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Hair dyeing poised for first major transformation in 150 years

Date:
March 2, 2011
Source:
American Chemical Society
Summary:
Technological progress may be fast-paced in many fields, but one mundane area has been almost left in the doldrums for the last 150 years: The basic technology for permanently coloring hair. That's the conclusion of an analysis of almost 500 articles and patents on the chemistry of permanent hair dyeing, which foresees much more innovation in the years ahead, including longer lasting, more-natural-looking dyes and gene therapy to reverse the gray.
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Technological progress may be fast-paced in many fields, but one mundane area has been almost left in the doldrums for the last 150 years: The basic technology for permanently coloring hair. That's the conclusion of an analysis of almost 500 articles and patents on the chemistry of permanent hair dyeing, which foresees much more innovation in the years ahead, including longer lasting, more-natural-looking dyes and gene therapy to reverse the gray.

The article appears in ACS's journal Chemical Reviews.

Robert Christie and Olivier Morel note that hair dye already is a multibillion dollar international industry, poised for even greater expansion in the future due to the graying of a global population yearning to cling to appearances of youth. Most permanent hair coloring technology, however, is based on a 150-year-old approach that uses p-phenylenediamine (PPD), a chemical that produces darker, browner shades when exposed to air. Concern over the safety of PPD and other hair dye ingredients, and demand for more convenient hair dyeing methods, has fostered an upswing in research on new dyes and alternative hair coloring technologies.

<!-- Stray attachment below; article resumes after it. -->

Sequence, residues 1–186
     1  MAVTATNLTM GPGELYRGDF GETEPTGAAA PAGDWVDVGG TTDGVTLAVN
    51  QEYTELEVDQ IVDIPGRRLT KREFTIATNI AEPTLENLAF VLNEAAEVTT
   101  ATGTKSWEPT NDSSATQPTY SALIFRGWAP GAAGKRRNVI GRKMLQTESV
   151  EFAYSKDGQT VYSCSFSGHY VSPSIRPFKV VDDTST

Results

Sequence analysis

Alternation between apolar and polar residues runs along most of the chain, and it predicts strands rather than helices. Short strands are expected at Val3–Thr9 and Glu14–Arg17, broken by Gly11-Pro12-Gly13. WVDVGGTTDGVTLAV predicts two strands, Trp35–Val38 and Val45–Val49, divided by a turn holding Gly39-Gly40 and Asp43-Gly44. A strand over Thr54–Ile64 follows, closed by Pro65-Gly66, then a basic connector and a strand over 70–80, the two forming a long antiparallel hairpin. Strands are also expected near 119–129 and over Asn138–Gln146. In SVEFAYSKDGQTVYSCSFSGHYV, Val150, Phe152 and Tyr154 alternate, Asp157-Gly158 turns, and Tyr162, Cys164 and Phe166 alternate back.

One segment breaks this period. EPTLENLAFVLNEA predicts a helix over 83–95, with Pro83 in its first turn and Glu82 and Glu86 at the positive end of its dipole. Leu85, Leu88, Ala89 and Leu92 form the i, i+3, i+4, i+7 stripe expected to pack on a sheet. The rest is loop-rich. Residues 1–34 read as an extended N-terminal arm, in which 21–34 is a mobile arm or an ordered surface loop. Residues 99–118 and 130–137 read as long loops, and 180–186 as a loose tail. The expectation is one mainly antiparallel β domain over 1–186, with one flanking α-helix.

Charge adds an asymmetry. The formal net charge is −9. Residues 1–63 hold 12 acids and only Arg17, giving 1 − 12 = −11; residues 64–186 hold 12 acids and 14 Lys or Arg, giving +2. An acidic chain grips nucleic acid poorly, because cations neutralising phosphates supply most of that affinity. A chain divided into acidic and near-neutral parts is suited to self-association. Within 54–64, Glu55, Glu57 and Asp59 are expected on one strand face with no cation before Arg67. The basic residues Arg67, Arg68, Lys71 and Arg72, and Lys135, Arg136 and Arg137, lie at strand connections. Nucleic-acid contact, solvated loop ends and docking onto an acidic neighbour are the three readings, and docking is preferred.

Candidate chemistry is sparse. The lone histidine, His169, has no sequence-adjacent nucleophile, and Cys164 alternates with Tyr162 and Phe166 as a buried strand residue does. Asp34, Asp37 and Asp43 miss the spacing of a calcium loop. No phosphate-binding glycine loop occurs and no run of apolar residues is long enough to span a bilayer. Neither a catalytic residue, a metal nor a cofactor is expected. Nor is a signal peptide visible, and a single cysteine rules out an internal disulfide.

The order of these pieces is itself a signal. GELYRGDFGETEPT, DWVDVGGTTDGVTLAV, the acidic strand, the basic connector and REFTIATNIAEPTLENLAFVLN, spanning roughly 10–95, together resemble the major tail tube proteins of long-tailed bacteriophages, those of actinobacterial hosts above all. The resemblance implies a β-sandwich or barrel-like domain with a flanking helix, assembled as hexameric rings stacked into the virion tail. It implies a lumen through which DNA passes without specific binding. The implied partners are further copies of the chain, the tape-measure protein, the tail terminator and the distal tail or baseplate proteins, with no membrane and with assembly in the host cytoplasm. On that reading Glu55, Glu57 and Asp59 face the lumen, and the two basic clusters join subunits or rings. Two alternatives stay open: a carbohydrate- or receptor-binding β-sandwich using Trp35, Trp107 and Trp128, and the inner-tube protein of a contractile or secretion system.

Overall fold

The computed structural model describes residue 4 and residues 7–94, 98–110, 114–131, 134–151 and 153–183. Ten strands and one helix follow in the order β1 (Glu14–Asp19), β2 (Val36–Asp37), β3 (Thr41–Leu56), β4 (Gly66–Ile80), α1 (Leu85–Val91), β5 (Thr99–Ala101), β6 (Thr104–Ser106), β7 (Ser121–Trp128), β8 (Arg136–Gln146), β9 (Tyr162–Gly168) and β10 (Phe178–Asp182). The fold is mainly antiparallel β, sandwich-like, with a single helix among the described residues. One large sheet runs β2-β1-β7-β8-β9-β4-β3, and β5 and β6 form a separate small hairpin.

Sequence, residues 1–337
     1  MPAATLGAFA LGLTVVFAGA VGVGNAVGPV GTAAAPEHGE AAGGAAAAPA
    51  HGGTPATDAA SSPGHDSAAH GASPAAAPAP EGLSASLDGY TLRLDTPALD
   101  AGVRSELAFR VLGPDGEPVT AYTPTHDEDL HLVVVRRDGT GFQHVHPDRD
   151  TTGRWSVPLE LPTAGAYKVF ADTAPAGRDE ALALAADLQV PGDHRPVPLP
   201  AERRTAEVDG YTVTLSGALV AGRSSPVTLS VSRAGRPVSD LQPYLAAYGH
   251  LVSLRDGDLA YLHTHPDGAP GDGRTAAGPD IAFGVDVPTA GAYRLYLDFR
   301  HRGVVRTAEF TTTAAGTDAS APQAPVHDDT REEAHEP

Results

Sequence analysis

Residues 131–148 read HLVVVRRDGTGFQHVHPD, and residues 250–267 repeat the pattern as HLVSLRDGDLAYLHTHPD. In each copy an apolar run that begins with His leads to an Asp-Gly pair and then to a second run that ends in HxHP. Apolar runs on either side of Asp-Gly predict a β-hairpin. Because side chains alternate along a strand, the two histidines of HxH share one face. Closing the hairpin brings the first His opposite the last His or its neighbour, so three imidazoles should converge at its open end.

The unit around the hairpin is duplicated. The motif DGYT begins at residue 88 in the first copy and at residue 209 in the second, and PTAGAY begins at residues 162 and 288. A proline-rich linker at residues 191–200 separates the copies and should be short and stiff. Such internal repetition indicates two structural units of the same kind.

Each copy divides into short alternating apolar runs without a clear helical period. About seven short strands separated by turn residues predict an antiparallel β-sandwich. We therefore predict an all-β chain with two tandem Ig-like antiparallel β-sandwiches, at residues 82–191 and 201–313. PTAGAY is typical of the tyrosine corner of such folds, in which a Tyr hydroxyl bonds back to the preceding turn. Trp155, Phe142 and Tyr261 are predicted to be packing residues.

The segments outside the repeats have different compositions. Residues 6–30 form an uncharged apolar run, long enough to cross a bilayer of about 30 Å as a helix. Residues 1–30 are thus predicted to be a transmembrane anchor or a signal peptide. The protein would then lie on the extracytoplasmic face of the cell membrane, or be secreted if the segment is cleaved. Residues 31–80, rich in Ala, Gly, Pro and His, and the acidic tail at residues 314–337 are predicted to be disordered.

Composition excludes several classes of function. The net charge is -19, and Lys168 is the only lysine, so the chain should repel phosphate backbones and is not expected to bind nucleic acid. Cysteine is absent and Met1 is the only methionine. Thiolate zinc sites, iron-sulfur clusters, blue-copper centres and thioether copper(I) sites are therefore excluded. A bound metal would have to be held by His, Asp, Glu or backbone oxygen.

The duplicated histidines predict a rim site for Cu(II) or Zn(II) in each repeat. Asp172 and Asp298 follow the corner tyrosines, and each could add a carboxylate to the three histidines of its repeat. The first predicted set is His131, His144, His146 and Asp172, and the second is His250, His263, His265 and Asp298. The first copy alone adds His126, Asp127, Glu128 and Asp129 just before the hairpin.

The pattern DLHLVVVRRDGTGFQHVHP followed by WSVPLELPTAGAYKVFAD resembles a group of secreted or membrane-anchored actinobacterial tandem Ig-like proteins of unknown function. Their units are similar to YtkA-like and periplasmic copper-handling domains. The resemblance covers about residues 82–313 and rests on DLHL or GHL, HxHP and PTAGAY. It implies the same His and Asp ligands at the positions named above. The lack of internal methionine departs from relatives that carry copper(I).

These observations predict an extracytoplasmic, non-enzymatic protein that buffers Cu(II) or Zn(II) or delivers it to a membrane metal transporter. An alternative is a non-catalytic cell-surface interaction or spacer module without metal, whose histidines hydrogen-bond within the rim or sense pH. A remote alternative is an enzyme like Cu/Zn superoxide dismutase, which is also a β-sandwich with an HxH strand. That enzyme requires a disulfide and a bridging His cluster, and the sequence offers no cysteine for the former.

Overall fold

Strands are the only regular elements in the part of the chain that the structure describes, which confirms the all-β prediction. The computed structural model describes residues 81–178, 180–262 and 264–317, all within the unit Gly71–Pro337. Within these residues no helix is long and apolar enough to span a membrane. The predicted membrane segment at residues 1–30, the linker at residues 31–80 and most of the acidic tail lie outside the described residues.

The scientists describe progress toward those goals. Future hair coloring techniques include nano-sized colorants, for instance. Composed of pigments 1/5,000th the width of a human hair, they will penetrate the hair and remain trapped inside for longer-lasting hair coloration. Scientists also are developing substances that stimulate the genes to produce the melanin pigment that colors hair. These substances promise to produce a wider range of more natural-looking colors, from blond to dark brown and black, with less likelihood of raising concerns about toxicity and better prospects for more natural results. Other new technologies may stop graying of the hair or prevent its formation altogether, the scientists say.


Story Source:

The above story is based on materials provided by American Chemical Society. Note: Materials may be edited for content and length.


Journal Reference:

  1. Olivier J. X. Morel, Robert M. Christie. Current Trends in the Chemistry of Permanent Hair Dyeing. Chemical Reviews, 2011; 110125093129032 DOI: 10.1021/cr1000145

Cite This Page:

American Chemical Society. "Hair dyeing poised for first major transformation in 150 years." ScienceDaily. ScienceDaily, 2 March 2011. <www.sciencedaily.com/releases/2011/03/110302121708.htm>.
American Chemical Society. (2011, March 2). Hair dyeing poised for first major transformation in 150 years. ScienceDaily. Retrieved April 27, 2015 from www.sciencedaily.com/releases/2011/03/110302121708.htm
American Chemical Society. "Hair dyeing poised for first major transformation in 150 years." ScienceDaily. www.sciencedaily.com/releases/2011/03/110302121708.htm (accessed April 27, 2015).

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